Saturday, September 19, 2009

A View from the Beach

I live about 2 blocks from a Great Lake, which means that at any moment of the day, my neighborhood can experience completely different weather patterns than the rest of the city and I get to see a variety of birds as they migrate from one end of the globe to another. You have to keep both your eyes and your ears open, though, or you'll miss the feathered visitors.

Yesterday, perched atop an aging lifeguard watchtower among some gulls were two cormorants. Apparently their feathers are not entirely waterproof, so it's likely they had stopped to thoroughly dry out their wings—maybe grab a bite to eat—before moving on. Their graceful necks and elongated bodies were a welcome visual change from the gulls and pigeons we usually find on the beach. I tried to take a picture for you, but my worse-than-useless cellphone wouldn't cooperate. I stood in one spot for so long that my pooch forgot why we were at the beach and became quite the statue. It took a while to rouse her from her senior stupor.

Earlier this week we heard the clarion call of Winter: geese. We looked up to find their misshapen V formation heading south. For the first time in my life, I wanted to tag along. I've had enough of changing in and out of extreme weather gear for what seems like half the year—boots, snow pants, two pairs of gloves, three sweaters, parka, muffler, hat, plus dressing the dog in her boots and down coat and goggles when it's windy. I'm ready for a milder climate. So is the pooch.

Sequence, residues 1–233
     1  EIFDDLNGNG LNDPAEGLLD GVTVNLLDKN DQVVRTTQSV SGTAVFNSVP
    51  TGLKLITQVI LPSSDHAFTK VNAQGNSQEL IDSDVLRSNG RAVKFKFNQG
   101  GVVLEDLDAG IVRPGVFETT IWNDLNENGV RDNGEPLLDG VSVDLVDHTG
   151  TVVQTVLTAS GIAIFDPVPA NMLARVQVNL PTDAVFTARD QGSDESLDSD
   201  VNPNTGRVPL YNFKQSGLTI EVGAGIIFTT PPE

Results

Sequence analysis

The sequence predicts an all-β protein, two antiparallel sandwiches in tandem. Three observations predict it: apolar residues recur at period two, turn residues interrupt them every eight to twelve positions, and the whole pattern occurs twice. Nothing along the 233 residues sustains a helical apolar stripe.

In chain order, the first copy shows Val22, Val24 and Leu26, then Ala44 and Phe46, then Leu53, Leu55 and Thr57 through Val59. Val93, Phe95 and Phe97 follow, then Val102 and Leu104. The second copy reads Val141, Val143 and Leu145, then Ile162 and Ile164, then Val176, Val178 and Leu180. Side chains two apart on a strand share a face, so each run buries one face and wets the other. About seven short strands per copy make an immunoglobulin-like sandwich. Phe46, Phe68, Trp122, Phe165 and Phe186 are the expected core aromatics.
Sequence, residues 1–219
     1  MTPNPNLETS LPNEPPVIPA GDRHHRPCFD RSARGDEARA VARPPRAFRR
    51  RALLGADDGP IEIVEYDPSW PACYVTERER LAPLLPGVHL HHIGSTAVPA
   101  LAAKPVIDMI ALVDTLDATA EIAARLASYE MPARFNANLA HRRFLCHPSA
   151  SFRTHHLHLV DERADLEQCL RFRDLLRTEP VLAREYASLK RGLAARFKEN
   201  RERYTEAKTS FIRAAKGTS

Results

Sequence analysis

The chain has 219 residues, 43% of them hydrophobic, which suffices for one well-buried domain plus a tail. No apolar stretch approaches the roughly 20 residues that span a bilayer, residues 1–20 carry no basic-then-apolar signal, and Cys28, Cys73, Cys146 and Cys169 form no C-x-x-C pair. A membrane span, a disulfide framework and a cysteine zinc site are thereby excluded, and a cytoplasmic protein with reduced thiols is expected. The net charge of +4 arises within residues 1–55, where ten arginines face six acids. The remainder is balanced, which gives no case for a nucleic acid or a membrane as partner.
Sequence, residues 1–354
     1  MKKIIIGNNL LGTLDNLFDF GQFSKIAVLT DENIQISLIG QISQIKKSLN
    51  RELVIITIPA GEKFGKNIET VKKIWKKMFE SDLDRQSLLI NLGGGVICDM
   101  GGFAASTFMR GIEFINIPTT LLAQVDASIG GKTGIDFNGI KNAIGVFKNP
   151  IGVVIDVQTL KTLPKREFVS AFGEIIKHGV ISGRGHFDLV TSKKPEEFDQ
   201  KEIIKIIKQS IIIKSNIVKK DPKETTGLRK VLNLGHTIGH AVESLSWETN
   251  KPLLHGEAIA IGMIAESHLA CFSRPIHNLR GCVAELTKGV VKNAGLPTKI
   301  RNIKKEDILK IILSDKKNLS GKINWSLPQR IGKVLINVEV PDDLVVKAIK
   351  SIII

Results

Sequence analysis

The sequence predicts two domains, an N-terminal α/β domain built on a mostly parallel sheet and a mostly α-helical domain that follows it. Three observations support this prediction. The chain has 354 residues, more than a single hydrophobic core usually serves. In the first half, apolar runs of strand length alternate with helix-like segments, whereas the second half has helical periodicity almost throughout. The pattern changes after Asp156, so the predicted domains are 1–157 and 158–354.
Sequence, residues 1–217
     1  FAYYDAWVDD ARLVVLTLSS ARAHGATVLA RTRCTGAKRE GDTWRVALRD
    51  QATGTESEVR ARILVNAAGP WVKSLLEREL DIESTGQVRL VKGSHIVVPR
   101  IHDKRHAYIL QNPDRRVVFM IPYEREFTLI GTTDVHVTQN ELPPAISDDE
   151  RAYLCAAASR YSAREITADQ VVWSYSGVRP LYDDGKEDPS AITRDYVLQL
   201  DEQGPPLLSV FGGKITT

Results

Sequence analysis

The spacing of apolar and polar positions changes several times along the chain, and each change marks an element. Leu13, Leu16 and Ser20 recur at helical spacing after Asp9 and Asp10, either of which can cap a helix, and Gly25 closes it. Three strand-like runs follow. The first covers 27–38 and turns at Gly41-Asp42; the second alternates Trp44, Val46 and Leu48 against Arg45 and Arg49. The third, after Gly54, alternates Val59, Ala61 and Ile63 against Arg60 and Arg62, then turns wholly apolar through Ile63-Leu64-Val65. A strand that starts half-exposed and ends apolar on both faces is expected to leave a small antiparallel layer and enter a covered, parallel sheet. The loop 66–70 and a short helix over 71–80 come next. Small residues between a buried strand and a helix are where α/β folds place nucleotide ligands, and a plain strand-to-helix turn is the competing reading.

Last week was a great show of both sights and sounds. As we were leaving the beach, the pigeons started to fret. I could hear a hawk, but didn't see one. I figured the hawk was looking for a meal. The pigeons lined the tops of three different buildings in the area and took turns moving from one building ledge to another, 50–100 birds at a time. The hawk had it easy. I kept my head down; I couldn't watch the assassination. But strangely, the pigeons never left the area and the hawk didn't sound persistent about catching one. In fact, I searched the sky around the pigeons but saw no predators. 

When the pooch and I were waiting at a light to cross the street, I finally saw why the pigeons were staying put: The hawk was far above the rooftops and paying no attention to them. Instead, he was playing with another hawk—twirling in midair, bumping into his friend and then performing short freefalls and (it truly sounded like) "giggling" before twirling again.

I couldn't take my eyes off the revelers. To observe nature and bliss intertwined is a miracle of sorts in the inner city. It has healing properties and I didn't want it to stop. In those moments of the hawk-play encounter, the relentless stress of my unemployment and pending eviction and under-par health of both husband and pooch faded from my mind. 

Then the light changed and the pooch and I headed back to Reality.

[Thank you, Mr. Crowley, for your Cormorant pic.]

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